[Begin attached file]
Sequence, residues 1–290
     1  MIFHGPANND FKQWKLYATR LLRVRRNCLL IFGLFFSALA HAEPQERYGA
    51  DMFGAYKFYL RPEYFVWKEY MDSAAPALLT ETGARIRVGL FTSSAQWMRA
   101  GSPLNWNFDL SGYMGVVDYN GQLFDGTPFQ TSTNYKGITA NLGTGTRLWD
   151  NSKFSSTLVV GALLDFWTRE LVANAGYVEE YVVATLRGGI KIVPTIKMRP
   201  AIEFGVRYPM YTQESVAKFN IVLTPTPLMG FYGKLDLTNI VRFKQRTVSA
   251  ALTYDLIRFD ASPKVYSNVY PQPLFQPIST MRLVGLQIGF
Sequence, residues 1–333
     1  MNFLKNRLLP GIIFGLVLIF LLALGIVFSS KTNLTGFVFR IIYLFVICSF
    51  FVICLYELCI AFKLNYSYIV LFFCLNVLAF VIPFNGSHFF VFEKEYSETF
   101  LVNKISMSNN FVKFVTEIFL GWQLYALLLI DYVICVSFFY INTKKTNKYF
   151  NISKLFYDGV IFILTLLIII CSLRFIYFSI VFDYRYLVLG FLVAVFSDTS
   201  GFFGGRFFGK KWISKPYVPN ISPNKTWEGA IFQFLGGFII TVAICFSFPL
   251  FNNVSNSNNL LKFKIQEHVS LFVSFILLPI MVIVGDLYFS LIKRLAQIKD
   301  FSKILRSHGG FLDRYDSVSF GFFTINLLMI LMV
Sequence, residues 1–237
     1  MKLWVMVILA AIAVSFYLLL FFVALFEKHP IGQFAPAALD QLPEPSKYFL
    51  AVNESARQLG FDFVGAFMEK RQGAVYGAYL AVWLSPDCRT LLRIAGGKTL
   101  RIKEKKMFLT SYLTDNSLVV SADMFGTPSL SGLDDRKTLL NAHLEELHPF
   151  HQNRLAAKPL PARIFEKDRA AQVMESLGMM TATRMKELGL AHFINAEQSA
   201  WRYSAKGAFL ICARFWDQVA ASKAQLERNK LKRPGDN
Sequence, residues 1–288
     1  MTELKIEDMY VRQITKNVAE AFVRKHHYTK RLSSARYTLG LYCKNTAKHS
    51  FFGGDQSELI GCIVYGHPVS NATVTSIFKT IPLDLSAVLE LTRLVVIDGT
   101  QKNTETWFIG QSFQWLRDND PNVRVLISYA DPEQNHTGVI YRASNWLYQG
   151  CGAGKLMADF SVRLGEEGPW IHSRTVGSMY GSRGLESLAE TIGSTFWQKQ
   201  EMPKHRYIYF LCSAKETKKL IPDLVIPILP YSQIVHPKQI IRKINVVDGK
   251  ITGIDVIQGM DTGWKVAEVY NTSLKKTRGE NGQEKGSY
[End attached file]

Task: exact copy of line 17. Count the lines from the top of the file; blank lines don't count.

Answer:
     1  MKLWVMVILA AIAVSFYLLL FFVALFEKHP IGQFAPAALD QLPEPSKYFL